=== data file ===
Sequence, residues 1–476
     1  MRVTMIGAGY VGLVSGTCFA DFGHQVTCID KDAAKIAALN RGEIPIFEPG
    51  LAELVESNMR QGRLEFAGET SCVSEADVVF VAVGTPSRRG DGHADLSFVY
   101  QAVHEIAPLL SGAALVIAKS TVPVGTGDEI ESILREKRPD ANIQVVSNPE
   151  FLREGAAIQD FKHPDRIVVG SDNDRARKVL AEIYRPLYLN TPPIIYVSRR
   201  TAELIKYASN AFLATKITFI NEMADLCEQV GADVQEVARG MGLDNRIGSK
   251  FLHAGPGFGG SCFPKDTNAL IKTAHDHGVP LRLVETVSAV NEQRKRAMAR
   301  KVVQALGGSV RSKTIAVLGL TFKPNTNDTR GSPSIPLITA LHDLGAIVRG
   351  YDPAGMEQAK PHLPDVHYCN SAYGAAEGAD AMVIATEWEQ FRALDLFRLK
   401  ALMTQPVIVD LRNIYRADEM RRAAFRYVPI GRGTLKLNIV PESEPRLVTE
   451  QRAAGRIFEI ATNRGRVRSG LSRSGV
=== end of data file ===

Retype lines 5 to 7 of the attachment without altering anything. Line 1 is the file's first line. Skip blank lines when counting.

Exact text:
   151  FLREGAAIQD FKHPDRIVVG SDNDRARKVL AEIYRPLYLN TPPIIYVSRR
   201  TAELIKYASN AFLATKITFI NEMADLCEQV GADVQEVARG MGLDNRIGSK
   251  FLHAGPGFGG SCFPKDTNAL IKTAHDHGVP LRLVETVSAV NEQRKRAMAR